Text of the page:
The first thing I learned from having anxiety is that I do not have all of the answers. That was by far the hardest lesson and it took the longest amount of time to learn it. From then on, I gave up on being the smartest person in the room. And more importantly, I gave up on wanting to be the smartest person in the room. Instead, I adopted some new traits that seem to serve me much better.

After I got sick, it gave me a license to make a lot of changes in my life that I had always wanted to make, but for some reason I felt that I couldn't. I was not living an authentic life and I was not spending my time on the things that truly mattered to me. Now I spend all of my time in an authentic way. I try to make decisions based on what I feel and not based on what others expect me to do. And that has been very liberating. My anxiety keeps me in check because if I am about to make a decision that is not authentic to me, I will feel it in my heart.

I love the word curiosity. It is the equivalent of dipping your toe in the water to check the temperature. I spent a lot of my life living in a very black and white world. I felt like I needed to know things with certainty and I needed to make decisions decisively, which was never my strong suit. Now I like to explore things. Whether they are new experiences or feelings. It is ok to just be curious about something without having to make a commitment.

So many people are too hard on themselves. I know that I was for many years. I would set high expectations for myself and others. I would find ways to keep pushing when I was too tired or lacked energy or a sense of purpose. I would stay at work late and grab a bag of pretzels and a diet coke from the vending machine to keep me going. I would over commit myself and try to be everything to everyone. Now I know that self-compassion is essential for me to live a happy life. Because my body has certain limitations, I have learned to respect them. And I no longer resent those limitations for slowing me down. I embrace them for keeping me grounded and in touch with myself.

Slowing Down
One of the first things I noticed by slowing down is that I love to be in nature. It soothes me. There are so many moments of pure beauty in the world. Awe-inspiring things that are right outside in our own backyards and yet many people fail to recognize them. I stop and look outside to watch the sunset or the moon rise. I listen to the birds outside of my window and I appreciate how lucky I am to work at home where I can open the balcony door and enjoy the fresh air all day long. I have forgotten how to multi-task. I do one thing at a time and I try to be mindful of what I am doing. Life in the slow lane is so much better than life in the fast lane.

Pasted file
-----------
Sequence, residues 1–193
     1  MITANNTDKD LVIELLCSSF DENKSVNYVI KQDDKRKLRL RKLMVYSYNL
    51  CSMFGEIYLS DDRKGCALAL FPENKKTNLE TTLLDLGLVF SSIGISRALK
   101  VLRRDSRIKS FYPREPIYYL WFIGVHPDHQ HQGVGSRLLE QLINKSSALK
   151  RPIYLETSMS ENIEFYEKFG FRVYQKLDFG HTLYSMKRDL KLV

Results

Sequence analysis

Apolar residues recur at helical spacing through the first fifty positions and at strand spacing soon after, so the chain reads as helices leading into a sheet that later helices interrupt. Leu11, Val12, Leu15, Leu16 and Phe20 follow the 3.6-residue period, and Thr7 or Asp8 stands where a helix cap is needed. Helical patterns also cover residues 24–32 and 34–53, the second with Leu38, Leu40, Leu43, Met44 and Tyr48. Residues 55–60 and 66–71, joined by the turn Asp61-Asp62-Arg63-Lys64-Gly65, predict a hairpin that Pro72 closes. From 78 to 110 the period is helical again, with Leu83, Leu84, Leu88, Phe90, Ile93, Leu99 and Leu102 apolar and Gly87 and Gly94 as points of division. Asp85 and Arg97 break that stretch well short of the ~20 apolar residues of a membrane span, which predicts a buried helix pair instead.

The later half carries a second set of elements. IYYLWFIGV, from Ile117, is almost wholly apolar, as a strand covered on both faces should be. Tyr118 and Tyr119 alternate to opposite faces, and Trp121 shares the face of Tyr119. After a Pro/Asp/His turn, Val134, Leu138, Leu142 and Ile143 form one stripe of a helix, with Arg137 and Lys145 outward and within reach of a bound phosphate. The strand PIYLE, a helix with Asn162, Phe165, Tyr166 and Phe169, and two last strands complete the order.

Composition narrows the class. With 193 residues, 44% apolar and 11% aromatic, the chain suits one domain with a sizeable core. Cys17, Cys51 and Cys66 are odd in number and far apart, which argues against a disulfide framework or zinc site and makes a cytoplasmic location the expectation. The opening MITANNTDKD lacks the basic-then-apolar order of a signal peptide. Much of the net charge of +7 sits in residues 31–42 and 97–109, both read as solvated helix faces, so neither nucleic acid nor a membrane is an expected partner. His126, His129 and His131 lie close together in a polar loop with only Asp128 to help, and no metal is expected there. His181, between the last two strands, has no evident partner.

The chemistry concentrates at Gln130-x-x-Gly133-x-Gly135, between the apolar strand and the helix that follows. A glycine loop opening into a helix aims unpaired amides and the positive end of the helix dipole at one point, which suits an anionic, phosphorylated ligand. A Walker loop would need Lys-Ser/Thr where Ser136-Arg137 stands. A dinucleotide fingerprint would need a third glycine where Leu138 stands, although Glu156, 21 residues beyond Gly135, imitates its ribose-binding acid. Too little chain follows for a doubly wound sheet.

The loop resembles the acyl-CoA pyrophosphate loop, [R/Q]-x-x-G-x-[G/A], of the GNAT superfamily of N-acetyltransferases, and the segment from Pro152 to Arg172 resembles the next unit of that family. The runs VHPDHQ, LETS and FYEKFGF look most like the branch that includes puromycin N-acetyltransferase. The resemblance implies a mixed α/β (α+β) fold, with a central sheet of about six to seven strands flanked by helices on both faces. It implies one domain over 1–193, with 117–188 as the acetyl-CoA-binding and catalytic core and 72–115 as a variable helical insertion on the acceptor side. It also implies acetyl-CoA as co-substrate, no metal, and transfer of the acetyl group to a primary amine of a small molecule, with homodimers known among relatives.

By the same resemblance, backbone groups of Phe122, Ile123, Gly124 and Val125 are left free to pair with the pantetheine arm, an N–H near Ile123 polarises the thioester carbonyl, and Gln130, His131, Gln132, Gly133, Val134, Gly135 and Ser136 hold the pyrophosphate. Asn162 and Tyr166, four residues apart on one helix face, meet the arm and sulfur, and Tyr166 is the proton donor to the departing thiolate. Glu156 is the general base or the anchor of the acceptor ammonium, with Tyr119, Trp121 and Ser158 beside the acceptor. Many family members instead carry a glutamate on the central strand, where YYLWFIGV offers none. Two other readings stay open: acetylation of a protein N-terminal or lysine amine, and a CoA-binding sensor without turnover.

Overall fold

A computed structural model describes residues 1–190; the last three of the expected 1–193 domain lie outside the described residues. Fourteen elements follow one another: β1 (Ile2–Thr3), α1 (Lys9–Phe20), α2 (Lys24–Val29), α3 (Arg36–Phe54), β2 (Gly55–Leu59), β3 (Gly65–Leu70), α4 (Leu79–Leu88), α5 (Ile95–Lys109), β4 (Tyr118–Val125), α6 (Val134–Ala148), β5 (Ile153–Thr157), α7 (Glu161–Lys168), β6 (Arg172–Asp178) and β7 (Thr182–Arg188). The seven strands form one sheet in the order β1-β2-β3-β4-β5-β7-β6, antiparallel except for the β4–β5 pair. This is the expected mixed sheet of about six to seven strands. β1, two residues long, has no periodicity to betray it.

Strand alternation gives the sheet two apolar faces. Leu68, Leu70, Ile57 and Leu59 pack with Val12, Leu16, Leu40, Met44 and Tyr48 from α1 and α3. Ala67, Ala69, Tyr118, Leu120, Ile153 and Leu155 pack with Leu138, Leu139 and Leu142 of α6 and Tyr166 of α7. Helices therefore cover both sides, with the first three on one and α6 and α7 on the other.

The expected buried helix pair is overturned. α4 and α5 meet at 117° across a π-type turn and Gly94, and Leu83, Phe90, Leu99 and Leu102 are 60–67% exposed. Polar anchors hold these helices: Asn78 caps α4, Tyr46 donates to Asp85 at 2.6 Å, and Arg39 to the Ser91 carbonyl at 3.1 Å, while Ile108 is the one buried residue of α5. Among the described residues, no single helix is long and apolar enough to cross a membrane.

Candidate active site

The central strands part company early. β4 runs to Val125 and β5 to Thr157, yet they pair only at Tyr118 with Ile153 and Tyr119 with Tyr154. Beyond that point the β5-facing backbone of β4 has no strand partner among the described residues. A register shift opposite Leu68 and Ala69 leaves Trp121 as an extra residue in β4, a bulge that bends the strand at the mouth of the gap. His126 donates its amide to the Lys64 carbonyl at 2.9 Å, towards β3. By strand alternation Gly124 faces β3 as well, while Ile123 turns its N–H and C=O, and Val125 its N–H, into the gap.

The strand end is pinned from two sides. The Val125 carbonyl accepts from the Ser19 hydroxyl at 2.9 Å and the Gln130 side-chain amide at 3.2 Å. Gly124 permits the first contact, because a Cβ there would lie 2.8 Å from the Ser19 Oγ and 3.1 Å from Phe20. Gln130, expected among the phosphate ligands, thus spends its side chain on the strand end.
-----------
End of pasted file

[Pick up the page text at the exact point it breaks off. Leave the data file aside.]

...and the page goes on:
I used to think that having anxiety meant that there was something wrong with me. But now I realize that it is just a part of me. I no longer assume that people who can work 50 or 60 hours a week or push themselves to the limit are "normal" while I am somehow broken. Most of the time, I really don't define myself as having anxiety at all. I just accept that there are certain traits I have and I try to recognize that others may have different traits.

There are still days I struggle with my anxiety. Mostly on those nights when my mind seems to grab onto a problem or worry with such intensity that I can't fall asleep. On those nights, as I lay in bed with my hand on my heart trying to quiet my mind, I remind myself of the alternative. I think about the life I would be living if I hadn't slowed down and took the time to explore my authentic self. And in those moments, I am immensely grateful for my anxiety. It spoke so loudly that I could not help but listen to what I already knew deep down inside. Something had to change in my life. And I never want to go back.